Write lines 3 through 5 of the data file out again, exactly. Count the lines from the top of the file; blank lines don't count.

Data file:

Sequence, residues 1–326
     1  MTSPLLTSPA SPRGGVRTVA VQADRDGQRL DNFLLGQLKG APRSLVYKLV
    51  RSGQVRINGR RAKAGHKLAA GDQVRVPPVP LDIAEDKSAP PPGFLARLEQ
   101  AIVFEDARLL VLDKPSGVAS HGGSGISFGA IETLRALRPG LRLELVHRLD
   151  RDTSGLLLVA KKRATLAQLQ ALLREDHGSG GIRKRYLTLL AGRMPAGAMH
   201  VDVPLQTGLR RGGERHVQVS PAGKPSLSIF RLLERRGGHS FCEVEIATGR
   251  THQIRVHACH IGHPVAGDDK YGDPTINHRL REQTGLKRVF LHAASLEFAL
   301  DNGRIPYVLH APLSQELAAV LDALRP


    51  RSGQVRINGR RAKAGHKLAA GDQVRVPPVP LDIAEDKSAP PPGFLARLEQ
   101  AIVFEDARLL VLDKPSGVAS HGGSGISFGA IETLRALRPG LRLELVHRLD
   151  RDTSGLLLVA KKRATLAQLQ ALLREDHGSG GIRKRYLTLL AGRMPAGAMH